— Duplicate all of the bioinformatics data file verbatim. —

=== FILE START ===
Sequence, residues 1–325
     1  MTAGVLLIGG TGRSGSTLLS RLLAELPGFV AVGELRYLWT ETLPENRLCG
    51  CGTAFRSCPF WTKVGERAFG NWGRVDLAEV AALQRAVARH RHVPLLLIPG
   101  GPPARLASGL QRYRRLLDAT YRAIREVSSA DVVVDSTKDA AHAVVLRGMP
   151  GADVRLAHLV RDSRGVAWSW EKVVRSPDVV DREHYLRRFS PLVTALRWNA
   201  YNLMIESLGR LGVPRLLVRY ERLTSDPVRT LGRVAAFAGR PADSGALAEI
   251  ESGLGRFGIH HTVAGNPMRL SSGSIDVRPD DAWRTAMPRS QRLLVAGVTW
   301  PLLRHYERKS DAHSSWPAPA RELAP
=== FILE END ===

Sequence, residues 1–325
     1  MTAGVLLIGG TGRSGSTLLS RLLAELPGFV AVGELRYLWT ETLPENRLCG
    51  CGTAFRSCPF WTKVGERAFG NWGRVDLAEV AALQRAVARH RHVPLLLIPG
   101  GPPARLASGL QRYRRLLDAT YRAIREVSSA DVVVDSTKDA AHAVVLRGMP
   151  GADVRLAHLV RDSRGVAWSW EKVVRSPDVV DREHYLRRFS PLVTALRWNA
   201  YNLMIESLGR LGVPRLLVRY ERLTSDPVRT LGRVAAFAGR PADSGALAEI
   251  ESGLGRFGIH HTVAGNPMRL SSGSIDVRPD DAWRTAMPRS QRLLVAGVTW
   301  PLLRHYERKS DAHSSWPAPA RELAP